The cards frequently point out affairs, health issues and money problems, but Trish has only had to inform people about their own demise twice.

“One was delighted. It was an older person and they wanted to make sure they didn’t live past 65… she didn’t want to be dependent on anyone. With one woman I gave her a week and she died a week later. She wasn’t sick but she’d had a miserable life.”

These instances place Trish in a position of extreme power, wielding potentially devastating information. But none of her client’s have become belligerent or disrespectful towards her. Instead, she often finds clients arriving with gifts, from the classical bunch of flowers to those who feel compelled to cross her palm with solid silver dollars. Her main issue is people becoming too keen, with one client arriving on her doorstep every day demanding a reading until she had to involve the police.

When it comes to turning people away, it’s this infatuation with readings that tends to be the only thing that will preclude her from taking out her cards. However, she recalls denying a reading to a man who approached her at a convention, as she knew instinctively that he was a paedophile: “I just felt it and I walked away. Two other people refused him as well.”

Reading at everything from clairvoyant conferences to Christmas parties and hen dos she encounters plenty of sceptics, whom she “loves”. The influx of foreign workers into Dublin during the past decade has also given her a remote network that she still reads for over Skype, now that they’ve returned to their home countries.

Now Trish splits her time between Dublin and Spain, letting her clients know when she’s available to meet either in person or virtually. “I do feel I get a respect and people are very grateful,” she says. “Every day I wake up and I’m so grateful for what I do. That’s why I’ll never retire.”

Susan conducts clairvoyant and medium readings from the back room of a Crumlin beauty salon. She summons spirits in a small, clinical room, overseen by a set of declarative silver letters spelling out ‘Glam’. It seems a little incongruous, but Susan says it does little to affect the experience, as she’ll often find lights switching on and off autonomously.

“I like those synchronistic things, because it’s almost like they’re confirming what you’re saying is correct,” she says.

Susan remembers feeling different as a child, knowing things that others didn’t and having an instinctive sense of what would happen in the future. She got in trouble for being too direct and for speaking “truthfully” as she puts it.

She describes her childhood as “traumatic” and says it fostered a need for control in her. Her first experiences of reading cards gave her “a bit of a fright because I was right and I’m thinking ‘but how can you be right?’”

She practises under the moniker ‘Diadem’s Light’, a name given to her during a naming ceremony with other clairvoyants that refers to a crown worn by princesses. She has recently taken time off to care for her elderly mother as well as herself in the wake of an MS diagnosis, but is hoping to begin practising more frequently.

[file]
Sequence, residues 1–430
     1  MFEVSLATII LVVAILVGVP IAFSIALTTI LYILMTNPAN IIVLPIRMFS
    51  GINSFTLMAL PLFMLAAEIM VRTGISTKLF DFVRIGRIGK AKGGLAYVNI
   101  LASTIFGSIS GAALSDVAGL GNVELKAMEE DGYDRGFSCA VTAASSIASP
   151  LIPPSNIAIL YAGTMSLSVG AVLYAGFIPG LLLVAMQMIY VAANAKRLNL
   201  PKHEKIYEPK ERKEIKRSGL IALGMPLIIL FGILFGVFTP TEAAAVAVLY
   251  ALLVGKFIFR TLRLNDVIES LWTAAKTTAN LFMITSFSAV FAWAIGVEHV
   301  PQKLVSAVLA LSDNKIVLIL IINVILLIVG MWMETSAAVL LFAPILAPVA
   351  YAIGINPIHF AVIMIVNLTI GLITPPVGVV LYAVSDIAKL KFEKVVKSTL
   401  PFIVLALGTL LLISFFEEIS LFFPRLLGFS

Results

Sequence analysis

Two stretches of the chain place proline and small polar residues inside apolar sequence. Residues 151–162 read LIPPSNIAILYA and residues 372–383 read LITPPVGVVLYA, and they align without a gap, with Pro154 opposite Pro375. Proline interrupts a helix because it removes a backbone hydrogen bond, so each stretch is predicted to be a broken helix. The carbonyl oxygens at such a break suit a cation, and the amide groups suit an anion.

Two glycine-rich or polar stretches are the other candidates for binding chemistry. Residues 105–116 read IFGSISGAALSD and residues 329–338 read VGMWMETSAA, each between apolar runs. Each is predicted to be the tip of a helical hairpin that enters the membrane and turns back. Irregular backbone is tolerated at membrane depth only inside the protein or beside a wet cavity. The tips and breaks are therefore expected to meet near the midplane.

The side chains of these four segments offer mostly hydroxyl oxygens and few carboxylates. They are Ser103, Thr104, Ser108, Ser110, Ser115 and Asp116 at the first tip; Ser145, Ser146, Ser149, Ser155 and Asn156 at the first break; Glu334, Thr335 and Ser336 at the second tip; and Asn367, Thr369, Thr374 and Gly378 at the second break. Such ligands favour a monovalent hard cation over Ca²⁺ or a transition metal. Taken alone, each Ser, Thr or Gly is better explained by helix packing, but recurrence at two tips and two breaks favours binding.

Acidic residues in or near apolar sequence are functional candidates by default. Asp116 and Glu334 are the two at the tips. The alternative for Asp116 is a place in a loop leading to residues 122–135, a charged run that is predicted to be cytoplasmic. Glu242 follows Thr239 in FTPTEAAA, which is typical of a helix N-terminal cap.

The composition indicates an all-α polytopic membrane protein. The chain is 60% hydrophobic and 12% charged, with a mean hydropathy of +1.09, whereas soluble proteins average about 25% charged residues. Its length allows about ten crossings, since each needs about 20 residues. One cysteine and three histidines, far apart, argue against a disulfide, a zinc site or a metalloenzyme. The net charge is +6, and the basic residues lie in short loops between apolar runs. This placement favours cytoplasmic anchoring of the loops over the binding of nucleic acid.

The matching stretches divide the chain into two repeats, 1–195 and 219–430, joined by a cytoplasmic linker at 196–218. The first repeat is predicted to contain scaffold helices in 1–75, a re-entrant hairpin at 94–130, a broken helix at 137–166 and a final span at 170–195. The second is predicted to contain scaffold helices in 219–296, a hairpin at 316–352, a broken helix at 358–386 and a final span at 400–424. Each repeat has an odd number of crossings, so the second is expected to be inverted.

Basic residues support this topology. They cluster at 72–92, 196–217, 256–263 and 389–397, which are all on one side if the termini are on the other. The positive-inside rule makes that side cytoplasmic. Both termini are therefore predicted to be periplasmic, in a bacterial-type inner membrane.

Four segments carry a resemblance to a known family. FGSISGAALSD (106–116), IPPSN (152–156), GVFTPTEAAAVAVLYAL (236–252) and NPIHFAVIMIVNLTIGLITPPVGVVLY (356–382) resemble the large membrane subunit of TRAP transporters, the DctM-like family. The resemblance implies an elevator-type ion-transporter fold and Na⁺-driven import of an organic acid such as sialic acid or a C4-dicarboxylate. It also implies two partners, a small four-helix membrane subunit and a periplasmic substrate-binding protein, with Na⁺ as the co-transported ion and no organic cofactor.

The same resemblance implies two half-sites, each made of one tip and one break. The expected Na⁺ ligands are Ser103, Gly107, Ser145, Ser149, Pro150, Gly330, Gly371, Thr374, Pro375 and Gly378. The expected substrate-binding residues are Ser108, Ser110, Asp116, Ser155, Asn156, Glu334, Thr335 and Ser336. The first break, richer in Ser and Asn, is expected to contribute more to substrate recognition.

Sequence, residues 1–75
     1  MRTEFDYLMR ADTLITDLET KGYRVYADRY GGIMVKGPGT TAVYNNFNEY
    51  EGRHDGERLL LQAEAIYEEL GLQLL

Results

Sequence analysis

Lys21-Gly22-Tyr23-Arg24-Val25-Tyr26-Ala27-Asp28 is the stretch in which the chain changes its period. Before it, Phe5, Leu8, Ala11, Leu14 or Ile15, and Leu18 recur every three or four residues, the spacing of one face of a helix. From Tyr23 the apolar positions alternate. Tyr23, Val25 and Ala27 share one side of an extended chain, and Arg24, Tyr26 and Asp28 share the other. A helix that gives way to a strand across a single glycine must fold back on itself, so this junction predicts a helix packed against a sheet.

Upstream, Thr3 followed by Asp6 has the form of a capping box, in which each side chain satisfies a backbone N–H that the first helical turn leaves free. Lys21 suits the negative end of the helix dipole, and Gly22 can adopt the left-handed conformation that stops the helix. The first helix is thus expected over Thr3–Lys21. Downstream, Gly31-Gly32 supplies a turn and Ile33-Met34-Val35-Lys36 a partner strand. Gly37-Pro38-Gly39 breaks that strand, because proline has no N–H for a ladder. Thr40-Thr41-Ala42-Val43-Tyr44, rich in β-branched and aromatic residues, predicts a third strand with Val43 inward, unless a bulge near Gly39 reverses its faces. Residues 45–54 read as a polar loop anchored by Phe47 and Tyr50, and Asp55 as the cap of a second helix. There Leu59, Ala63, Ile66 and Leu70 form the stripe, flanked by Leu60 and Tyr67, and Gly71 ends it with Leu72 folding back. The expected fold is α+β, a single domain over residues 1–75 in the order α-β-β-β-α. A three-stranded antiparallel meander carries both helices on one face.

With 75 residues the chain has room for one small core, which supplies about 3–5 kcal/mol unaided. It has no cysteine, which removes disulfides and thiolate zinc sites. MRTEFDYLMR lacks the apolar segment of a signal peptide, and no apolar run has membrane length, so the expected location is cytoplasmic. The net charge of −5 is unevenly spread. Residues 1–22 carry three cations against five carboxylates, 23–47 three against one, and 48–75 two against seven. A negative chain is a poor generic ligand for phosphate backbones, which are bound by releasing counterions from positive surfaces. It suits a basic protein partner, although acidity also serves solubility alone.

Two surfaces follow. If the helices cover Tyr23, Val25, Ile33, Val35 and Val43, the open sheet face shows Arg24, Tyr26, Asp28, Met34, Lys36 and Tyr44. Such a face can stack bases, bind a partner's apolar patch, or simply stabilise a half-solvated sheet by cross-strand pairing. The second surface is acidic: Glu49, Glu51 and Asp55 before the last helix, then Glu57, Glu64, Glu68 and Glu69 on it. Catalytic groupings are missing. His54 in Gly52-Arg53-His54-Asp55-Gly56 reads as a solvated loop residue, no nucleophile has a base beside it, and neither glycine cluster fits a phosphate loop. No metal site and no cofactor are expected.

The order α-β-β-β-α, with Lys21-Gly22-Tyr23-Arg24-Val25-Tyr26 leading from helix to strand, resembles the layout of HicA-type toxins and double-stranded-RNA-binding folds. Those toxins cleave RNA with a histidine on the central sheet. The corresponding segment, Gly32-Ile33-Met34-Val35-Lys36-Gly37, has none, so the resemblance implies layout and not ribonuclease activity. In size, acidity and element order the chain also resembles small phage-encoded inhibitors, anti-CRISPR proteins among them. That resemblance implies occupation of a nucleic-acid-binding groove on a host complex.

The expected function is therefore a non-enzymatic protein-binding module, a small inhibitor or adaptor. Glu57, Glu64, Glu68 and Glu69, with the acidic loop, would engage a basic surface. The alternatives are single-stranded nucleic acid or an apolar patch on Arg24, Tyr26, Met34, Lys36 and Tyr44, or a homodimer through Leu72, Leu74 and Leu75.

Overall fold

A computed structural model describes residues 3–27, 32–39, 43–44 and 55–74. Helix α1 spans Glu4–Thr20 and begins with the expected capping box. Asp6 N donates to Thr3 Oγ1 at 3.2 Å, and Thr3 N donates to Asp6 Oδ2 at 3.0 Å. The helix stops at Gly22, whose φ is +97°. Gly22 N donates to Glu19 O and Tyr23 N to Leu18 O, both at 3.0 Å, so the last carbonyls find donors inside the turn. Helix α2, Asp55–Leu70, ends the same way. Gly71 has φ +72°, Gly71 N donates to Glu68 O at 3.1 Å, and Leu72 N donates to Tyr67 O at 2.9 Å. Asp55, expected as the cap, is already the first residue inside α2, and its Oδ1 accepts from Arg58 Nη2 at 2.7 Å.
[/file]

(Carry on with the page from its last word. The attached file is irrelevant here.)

Susan works both clairvoyantly, by intuiting the future, and through mediumship, where spirit guides come to her and assist her in her readings. She recently took a course with TV psychic detective Tony Stockwell in the UK and even assists people remotely with invasive spirits in their homes.

Susan doesn’t believe, however, that her vision and opinion is the be all and end all, and rather that her insights are just that: tools to help her customers live better and make better choices within their own lives. She’s disparaging of others in her industry who claim to be gurus.

“I find a lot of people who work in this industry can be very ego-driven. They can be very ‘look what I can do for you’ whereas I would be more like ‘look what you can do for yourself.’”

The nature of her work causes an emotional response in people, from those who feel she might pry into their thoughts to those that think she preys on the emotionally vulnerable.

“[People] would come up to me and start attacking me emotionally and verbally,” she says. “They think I know everything, and I don’t, they think I’m reading their minds and I don’t, saying: ‘you shouldn’t be doing that, preying on people’ and I don’t prey on people. I don’t take advantage of people because I know what that feels like.”

Susan’s work is about offering people solace and hope. People come to her looking for light at the end of the tunnel or simply looking for insight into their futures.

Susan believes that the spirit world helps her commune with those that have passed over and that her clairvoyance can divine everything from physical ailments to personality traits but she’s adamant that her role is less that of a problem solver and more of a problem seer: